Japanese Breakfast/YouTube

Guy mansplains song to Japanese Breakfast, the female artist who wrote the song



Eilish O'Sullivan


Posted on Feb 15, 2019   Updated on May 20, 2021, 6:59 pm CDT

Topping off a tumultuous week for female musicians, a dude recently slid into Japanese Breakfast’s messages with some unsolicited advice.

The Philadelphia-based artist, whose real name is Michelle Zauner, shared the cringeworthy advice from the unnamed guy, who started out by saying he’s one of Zauner’s “biggest fans.”

“One of my favorite songs is ‘Till Death’ although I didn’t realize it at first I just realized the bass line sounds forced, I heard some beautiful melody’s in my head that were barely touched upon,” wrote the self-proclaimed “musician/songwriter.” “Just some constructive criticism.”

Zauner responded on Twitter with biting sarcasm: “*Rerecords album.*”

The dude hadn’t stopped there. In a second message, he waxed on about the bass riff: “To be more specific, that song is so devastatingly beautiful the bass riff needs to be rudimentary. It deserves a simple dropping bass riff that isn’t too flashy. Some of the parts of the current bass riff aren’t that bad but on the whole the song needs that simple dropping bass riff.”

Despite the common nature of mansplaining, people on Twitter couldn’t believe the interaction.

“Did someone just try to mansplain a Japanese breakfast song to Japanese breakfast?” one person tweeted.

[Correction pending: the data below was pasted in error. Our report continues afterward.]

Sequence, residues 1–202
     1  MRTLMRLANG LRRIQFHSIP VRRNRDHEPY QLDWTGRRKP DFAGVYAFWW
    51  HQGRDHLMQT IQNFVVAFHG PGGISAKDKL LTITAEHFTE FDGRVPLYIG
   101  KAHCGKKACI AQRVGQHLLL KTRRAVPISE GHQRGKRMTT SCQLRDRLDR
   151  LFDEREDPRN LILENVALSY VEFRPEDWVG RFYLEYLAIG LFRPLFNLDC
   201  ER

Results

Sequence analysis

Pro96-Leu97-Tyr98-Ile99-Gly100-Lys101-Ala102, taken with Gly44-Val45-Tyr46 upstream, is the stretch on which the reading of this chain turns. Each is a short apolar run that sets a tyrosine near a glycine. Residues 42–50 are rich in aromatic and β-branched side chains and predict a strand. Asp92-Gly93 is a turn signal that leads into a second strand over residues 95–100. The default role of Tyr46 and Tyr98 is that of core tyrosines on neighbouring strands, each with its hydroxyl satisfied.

Even other artists were shocked. “Omg,” Perfume Genius said. “Lol no fucking way people are so insane,” Best Coast wrote.



A soft drink parody account got in on the dragging action, too, with a very valid point. “I feel like ‘your biggest fan’ wouldn’t send you something like this but what the hell do I know I’m just a soda,” @orangesodatweet said.

And then there was this zinger: “To be fair he owns a Gibson t-shirt, that definitely makes him qualified enough to mansplain music,” user @fabripav wrote.

The random unofficial music critic just further illustrates what many female musicians have to deal with on a regular basis. A few days ago, a New York Times exposé of prominent singer-songwriter Ryan Adams reported that he subjected several female artists to “emotional and verbal abuse, and harassment in texts and on social media,” as well as offered women career advances in exchange for sex.

While a mansplaining message doesn’t equate to that level of abuse, maybe it’s time for dudes to chill with the unsolicited music advice.


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*First Published: Feb 15, 2019, 6:38 pm CST